The Good

Incredible haunting beauty. I've never seen anything like the salt flats of Uyuni before - floating mountains far away above a shimmering mirror, unending, unbeginning, starkly startling. Just mad.
The Salar itself is ridiculously bright, a brilliant white expanse no horizon. For as far as you can see, just whiteness, a pristine freshly-ironed tablecloth, unsullied, untainted, pure and heavenly.
We got out of the landcruiser to get our feet wet in the water. Crunching in the salt, lapping the pools. This is fucking brilliant! I run around like a cat released from a cage, savoring the feeling, gorging on the freedom of amazing nothingness. I taste the salt. It's salty. I wash my hands and face. It scrapes, but it's great. I'm absolutely covered in salt. It stings my eyes, burns my lips. It's great!
Everyone poses for arty photos, lifting arms and legs, jumping, squatting, stretching, playing with the dimensions of an other world.

Soon we come to the beautiful Isla Incahuasi, a rocky island in the middle of the Salar, where thousands of cacti stand isolated from the outside world, seeking comfort in togetherness.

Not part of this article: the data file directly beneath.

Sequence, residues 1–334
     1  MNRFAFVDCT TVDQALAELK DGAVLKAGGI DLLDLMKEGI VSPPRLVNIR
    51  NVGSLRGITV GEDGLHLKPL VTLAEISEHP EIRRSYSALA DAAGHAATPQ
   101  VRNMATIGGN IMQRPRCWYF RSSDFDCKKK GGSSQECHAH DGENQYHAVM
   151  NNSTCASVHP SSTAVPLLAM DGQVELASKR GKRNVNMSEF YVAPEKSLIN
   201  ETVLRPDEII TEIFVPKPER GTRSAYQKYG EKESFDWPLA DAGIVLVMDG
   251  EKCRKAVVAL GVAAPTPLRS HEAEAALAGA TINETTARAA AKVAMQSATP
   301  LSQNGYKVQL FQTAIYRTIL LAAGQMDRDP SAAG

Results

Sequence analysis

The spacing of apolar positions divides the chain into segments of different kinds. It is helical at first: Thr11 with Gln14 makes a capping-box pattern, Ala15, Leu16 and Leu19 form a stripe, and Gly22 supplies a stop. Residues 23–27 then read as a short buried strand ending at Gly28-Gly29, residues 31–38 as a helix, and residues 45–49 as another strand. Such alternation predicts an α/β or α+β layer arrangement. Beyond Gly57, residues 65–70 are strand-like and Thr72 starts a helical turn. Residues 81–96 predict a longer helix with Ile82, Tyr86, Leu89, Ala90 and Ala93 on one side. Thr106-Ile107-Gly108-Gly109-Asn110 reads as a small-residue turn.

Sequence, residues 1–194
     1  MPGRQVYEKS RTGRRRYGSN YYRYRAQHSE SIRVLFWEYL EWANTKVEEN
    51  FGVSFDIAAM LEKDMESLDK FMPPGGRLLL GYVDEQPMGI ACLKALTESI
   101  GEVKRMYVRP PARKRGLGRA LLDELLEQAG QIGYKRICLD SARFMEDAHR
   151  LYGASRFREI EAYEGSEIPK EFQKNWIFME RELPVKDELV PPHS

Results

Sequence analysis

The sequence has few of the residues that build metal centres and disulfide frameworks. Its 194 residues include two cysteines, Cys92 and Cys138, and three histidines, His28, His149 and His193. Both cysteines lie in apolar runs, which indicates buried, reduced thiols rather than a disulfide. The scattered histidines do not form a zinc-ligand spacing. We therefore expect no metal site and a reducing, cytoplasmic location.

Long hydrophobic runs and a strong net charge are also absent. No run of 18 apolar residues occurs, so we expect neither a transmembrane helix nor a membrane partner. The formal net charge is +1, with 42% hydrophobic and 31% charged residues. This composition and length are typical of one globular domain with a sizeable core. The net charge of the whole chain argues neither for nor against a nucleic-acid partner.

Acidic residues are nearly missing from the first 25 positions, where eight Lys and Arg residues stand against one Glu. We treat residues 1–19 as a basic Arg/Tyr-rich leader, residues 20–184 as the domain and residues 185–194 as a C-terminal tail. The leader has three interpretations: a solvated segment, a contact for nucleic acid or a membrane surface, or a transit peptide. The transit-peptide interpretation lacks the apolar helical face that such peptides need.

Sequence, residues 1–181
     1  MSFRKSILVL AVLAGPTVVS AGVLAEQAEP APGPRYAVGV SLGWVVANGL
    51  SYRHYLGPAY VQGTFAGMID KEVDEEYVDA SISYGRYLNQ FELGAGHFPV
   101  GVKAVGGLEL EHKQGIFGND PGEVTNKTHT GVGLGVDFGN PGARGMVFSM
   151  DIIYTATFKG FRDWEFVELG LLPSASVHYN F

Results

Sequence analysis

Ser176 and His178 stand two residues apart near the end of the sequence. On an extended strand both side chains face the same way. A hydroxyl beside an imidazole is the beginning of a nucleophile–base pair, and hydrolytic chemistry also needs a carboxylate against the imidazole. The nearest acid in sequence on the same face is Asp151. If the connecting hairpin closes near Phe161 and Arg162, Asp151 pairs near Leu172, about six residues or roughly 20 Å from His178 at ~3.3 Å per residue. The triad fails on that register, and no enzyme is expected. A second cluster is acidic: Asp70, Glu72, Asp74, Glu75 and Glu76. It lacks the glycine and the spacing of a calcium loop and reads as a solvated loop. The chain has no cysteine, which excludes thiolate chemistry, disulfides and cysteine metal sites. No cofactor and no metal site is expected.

We dive into the island and abandon the path at the first available opportunity. We're rewarded very quickly by coming face to face (not literally, too painful) with some of the most impressive cacti I have ever seen. They stand defiantly tall, proud of their survival where nothing else grows. Stretching up and up as if trying to see the edges of the great Salar around it, they reach heights of five metres and more. Growing just 2cm every year, they're here hundreds of years, long before the landcruisers first started bringing admirers.
I hop around from rock to rock, careful not to brush against them or come too close. Jenny, unfortunately, gets nabbed by one. There's too much beauty for sympathy however.